With Google Glass beginning mass production in the next year, a lot of interesting cases are going to come up regarding etiquette. Nick Starr, a network engineer from Seattle, walked into the Lost Lake Cafe, a 24-hour diner in Seattle’s Capitol Hill neighborhood, and was forced to either take off his Google Glass headset or leave the diner. According to Starr, he had visited Lost Lake multiple times wearing Glass, with no problems until the most recent visit.
Starr was very vocal about the treatment he received, stating on Facebook that he would “love an explanation, apology, clarification, and if the staff member was in the wrong and lost the owner money last night and also future income as well, that this income be deducted from her pay or her termination.” Apparently, the owner of Lost Lake made headlines in March for banning Google Glass from another establishment he owns – 5 Point Cafe, saying that it’s “about privacy.” The owner, David Meinert, had a staff meeting at Lost Lake telling all servers to ask anyone wearing Glass to remove it because they want their customers “to feel comfortable.”
This clearly isn’t the last we’ll hear about Google Glass etiquette controversies. It’s definitely an interesting topic, and we’ll keep you updated on other interesting stories like this.
Source: The Verge
If you haven’t already opted in to the new Google Maps, you might want to now. Along with so many great new features and an updated UI, you can now easily embed a map with easy access to the HTML snippet.
Click on the gear icon on the bottom right and then go to “embed map.” Once the map is embedded, users can sign into the maps to see their own relevant content such as saved places— they can also save a place from your own embedded map so they can see it later on on their device. Usage limits are non-existent as well.
Source: Google Geo Developers
Pantech is rumored to be working on another phone in their Vega lineup with a 5-inch screen and a fingerprint scanner. The fingerprint recognition thing seems to be the hot new feature on smartphones, since we’re seeing it on many new flagship phones and even Pantech’s Vega Secret Note. There’s not much else known about the device, except that it will likely have a full HD screen (also a standard for smartphones now) and we’re expecting a December release. I’m sure we’ll hear more about it as we get closer to the launch date.
What do you guys think about fingerprint scanners? Are you happy that it seems like it’s becoming a standard feature, or does it seem gimmicky to you?
via: Unwired View
A photo of Oppo’s R829T back-side has been released online, and shows off a reflective material used on the back panel. Oppo is reportedly calling it a “holographic mirror design.” There also appears to be a metal frame around the device. The top left corner features the 13MP shooter and LED flash, and internally, the phone has a MediaTek MT6589 processor, which is a quad-core Cortex A7 clocked at 1.2GHz. The phone also has 1GB RAM.
Launch date and price are not yet available but stay tuned for more information.
HTC has another One variant coming down the pipeline, and this one has a dual-SIM option. The device, which has a removable back, has access to a microSD slot as well. You’ll be able to switch easily between SIMs and have up to 64GB storage.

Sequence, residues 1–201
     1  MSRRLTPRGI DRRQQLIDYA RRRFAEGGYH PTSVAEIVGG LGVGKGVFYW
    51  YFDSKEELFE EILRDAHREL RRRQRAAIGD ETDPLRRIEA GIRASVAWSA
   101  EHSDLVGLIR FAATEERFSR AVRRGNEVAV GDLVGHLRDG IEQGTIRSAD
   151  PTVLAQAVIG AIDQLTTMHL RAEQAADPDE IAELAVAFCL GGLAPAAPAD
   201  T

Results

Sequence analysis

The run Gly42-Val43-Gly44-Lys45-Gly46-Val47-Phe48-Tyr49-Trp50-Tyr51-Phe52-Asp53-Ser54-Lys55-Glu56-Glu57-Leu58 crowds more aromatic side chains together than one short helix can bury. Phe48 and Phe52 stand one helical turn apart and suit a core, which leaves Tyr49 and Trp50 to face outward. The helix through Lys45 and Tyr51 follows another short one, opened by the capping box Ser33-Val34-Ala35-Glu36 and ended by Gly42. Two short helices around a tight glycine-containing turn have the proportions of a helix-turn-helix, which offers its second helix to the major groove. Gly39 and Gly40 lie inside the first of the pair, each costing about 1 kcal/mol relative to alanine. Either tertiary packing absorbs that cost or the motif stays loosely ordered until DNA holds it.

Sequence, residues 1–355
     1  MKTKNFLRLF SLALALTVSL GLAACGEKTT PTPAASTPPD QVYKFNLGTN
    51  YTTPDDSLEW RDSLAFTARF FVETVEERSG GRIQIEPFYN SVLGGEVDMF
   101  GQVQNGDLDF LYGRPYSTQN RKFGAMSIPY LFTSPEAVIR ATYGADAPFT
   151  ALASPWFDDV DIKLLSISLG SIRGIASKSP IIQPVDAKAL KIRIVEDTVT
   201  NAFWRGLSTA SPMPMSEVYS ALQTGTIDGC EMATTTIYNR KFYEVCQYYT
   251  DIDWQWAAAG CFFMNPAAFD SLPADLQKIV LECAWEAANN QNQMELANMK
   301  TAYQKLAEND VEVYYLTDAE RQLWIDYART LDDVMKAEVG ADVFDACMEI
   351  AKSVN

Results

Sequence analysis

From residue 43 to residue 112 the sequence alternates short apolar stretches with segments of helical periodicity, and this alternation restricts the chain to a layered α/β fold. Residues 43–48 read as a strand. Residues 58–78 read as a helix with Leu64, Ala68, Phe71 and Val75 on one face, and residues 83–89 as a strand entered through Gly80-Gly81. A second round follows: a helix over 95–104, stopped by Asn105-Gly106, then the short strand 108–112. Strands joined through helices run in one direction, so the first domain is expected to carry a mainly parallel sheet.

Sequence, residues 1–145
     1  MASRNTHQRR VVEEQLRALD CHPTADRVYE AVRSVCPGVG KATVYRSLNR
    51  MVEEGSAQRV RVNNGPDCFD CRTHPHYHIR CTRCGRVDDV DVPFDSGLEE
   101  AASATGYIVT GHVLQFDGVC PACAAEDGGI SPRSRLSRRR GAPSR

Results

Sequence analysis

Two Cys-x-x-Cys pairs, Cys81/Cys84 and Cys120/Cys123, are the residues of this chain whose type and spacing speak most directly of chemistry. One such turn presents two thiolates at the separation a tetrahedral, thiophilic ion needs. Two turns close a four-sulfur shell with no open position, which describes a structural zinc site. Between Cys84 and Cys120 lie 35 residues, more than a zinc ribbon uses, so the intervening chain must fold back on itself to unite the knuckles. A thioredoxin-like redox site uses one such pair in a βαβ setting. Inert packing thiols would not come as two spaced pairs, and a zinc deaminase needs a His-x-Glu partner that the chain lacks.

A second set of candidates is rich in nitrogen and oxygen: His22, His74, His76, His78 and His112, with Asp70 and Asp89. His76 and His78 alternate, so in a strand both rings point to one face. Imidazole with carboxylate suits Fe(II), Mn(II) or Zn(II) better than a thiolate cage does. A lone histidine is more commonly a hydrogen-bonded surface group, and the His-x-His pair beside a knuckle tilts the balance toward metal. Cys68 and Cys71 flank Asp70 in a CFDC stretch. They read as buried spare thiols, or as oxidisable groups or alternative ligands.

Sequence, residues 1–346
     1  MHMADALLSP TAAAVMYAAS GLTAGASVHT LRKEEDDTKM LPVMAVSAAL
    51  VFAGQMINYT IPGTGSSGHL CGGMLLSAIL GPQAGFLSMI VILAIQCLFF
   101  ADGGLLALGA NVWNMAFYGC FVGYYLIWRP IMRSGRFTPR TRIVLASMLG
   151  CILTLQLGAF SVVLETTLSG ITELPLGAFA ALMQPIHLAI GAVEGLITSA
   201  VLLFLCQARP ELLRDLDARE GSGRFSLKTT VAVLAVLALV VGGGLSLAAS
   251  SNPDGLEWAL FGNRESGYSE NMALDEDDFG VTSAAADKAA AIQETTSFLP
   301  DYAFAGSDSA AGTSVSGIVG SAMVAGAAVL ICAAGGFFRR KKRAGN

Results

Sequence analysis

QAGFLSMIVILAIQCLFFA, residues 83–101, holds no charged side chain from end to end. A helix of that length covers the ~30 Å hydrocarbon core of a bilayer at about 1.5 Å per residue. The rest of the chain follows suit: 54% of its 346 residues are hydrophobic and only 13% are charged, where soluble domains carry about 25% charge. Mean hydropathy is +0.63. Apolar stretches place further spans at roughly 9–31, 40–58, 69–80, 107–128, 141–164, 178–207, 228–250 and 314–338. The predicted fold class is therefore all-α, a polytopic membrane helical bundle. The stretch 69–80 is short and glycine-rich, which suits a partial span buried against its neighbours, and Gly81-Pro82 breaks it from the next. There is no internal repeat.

However, the new variant does not have LTE support. Otherwise, the device is exactly the same. The phone is up for pre-order right now for $809 (w/o a new 2-year contract).
When the Nexus 7 (2013) was introduced earlier this year, it did not take long before reports of problems like touchscreen inaccuracies and GPS issues surfaced eventually leading to some fixes from Google. Another group of early adopters may be going through the same thing as Nexus 5 owners are discovering some problems with audio quality. The problems seem to be connected to the built-in microphone with the biggest impact being on call quality during phone calls. Read more
One of Google’s selling points on KitKat was that it could run on low-power devices and phones with as low as 512 MB of RAM, but no one realistically expected extremely old devices to get official KitKat support. Of course, that’s never stopped Android’s developer community, and as of today both the Nexus One and Nexus S (yeah, remember those?) have unofficial KitKat ROMs. Best of all? They actually run pretty well. Read more
Last week Google made some changes to Google Play to help users with tablets find apps that were optimized for their devices. Another change in Google Play has been discovered, this one aimed at Chromecast owners. When you drill down into the App section of Google Play, you will discover Google has added a new button for Chromecast apps. In landscape mode the button is readily apparent along the top of the screen. In portrait mode, a swipe from left to right to view the “Categories” choices will reveal the button as well. Read more
Since announcing Google Play for Education at Google I/O earlier this year, things got quiet related to the initiative. However, last week we saw the official launch of the project including the addition of a specific app to support school administrators who want to deploy Nexus tablets to their students. Read more